METALS MORNING VIEW 28/03: Base metals prices bearish on deteriorating risk sentiment

London Metal Exchange three-month base metals prices continue to produce sluggish price action, down 0.2% on average in the morning of Thursday March 28.

Copper bucked the trend with a mild gain of 0.1% while aluminium was unchanged at $1,903 per tonne. But LME zinc and lead prices were down 0.1% while nickel and tin were down 0.5%.

Trading volume was fairly subdued at 4,325 lots as of 6:48am London time on Thursday, well below last week’s average of 5,684 lots.

The precious metals price complex produced an average gain of 0.2% in the early Asian trading session this morning, but prices have since come under selling pressure at the time of writing. Gold and silver prices were steady at $1,311.17 per oz and $15.31 per oz respectively while the platinum price was up by 0.8%. Profit-taking activity persists in palladium, which is down to $1,441.30 per oz, a contrast to yesterday’s $1,534.

Shanghai Futures Exchange base metals prices put in a mixed performance today with May copper, aluminium and zinc contracts up 0.1%, 0.4% and 1.2% respectively while the rest of the complex were weaker: May contracts for lead, tin and nickel were down by 0.3%, 0.7% and 0.9% respectively. The LME/Shanghai copper arbitrage ratio is unchanged at 7.43.

The spot copper price in Changjiang secured a mild gain of 0.1% and was trading at 49,350-49,530 yuan ($7,343-7,370) per tonne.

The SHFE June gold and silver contracts remain under selling pressure on Thursday with the complex down 0.6% on average. The bearish vibe appears in other metals too, with the May Iron ore contract traded on Dalian Commodity Exchange (DCE) down 1%, most recently trading at 607 yuan per tonne, while the SHFE May rebar contract declined by 0.4% and was recently trading at 3,693 yuan per tonne.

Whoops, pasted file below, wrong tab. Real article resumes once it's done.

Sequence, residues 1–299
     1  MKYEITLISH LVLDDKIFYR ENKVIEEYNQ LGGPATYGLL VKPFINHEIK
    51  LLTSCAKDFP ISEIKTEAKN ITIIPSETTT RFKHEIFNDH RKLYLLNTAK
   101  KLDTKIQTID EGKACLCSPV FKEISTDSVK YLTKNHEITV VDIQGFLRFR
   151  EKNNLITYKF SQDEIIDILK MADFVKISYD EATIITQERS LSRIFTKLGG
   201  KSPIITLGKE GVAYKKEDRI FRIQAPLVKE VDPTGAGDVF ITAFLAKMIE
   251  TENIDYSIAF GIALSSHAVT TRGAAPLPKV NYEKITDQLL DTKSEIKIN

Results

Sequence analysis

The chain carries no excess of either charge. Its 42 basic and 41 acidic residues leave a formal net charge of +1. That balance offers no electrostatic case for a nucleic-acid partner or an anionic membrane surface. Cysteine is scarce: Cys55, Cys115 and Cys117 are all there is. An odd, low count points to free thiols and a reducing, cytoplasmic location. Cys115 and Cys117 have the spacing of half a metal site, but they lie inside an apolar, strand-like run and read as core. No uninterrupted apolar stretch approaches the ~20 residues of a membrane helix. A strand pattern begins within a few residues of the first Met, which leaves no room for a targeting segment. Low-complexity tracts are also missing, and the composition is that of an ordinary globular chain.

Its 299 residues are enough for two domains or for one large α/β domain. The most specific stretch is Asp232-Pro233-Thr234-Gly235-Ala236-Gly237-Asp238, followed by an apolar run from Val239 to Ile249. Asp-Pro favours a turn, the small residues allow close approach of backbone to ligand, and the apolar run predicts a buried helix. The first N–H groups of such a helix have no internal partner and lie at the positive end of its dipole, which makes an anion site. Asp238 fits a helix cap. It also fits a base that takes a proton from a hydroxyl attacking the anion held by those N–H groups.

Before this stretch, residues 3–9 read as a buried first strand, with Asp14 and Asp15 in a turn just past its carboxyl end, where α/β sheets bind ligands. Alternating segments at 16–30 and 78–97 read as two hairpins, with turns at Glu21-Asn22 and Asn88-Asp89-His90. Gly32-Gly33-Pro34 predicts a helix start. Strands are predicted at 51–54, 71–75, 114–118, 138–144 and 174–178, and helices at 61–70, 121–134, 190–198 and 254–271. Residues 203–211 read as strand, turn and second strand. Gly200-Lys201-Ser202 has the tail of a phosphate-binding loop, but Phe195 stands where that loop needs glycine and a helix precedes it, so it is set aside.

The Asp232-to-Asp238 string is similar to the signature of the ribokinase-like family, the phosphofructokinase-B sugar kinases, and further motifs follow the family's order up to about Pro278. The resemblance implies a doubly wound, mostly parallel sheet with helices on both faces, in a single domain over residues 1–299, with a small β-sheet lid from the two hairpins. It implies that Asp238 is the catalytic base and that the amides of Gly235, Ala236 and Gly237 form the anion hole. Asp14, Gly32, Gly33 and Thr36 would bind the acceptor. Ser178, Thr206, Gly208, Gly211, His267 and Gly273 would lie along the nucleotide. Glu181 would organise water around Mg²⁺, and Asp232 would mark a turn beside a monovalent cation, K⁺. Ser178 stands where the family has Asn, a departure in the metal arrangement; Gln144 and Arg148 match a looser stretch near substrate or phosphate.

Brent crude oil prices dipped this morning to 67.46, down by 0.41%. German 10-year bond yield has edged lower too, trading at a negative of 0.0900 and showing no sign of relief yet. The US 10-year treasuries bond yield remained under downside pressure as well at 2.3598, down from yesterday’s level of 2.3969.

Overnight performance in the US and European equity indices was relatively poor and has set a bearish backdrop for the Asian equity market. Tokyo Topix index led the decline, down (-1.66%), followed by Nikkei (-1.61%) and China CSI300 (-0.40%). Only Hang Seng managed to eke out a mild gain of 0.03%.

US equity indices ran into selling at the close on Wednesday, with the Dow (-0.13%), SPX500 (-0.46%) and Nasdaq (-0.63%) all falling. Early indications of European equity indices performance for Thursday are rather positive, with the German Dax up 0.1%, French CAC rising by 0.3% and UK FTSE up by 0.4% at the time of writing. But unless bond yields can turn around, we envisage the positive start in European trading could revert lower later in the day.

In foreign exchange, the robust dollar index was last trading at 96.95 and this has kept the Euro down (-0.09%) at 1.1241. However, the Australian dollar defied expectation and edged higher to 0.7094, up 0.16%, and the Japanese yen has strengthened to 110.06, a contrast to yesterday’s 110.61 after the Japanese 10-year yield tumbled to its lowest since August 2016. Continued Brexit uncertainty has put the British sterling under selling pressure at 1.3165, lower than the 1.3199 level seen yesterday.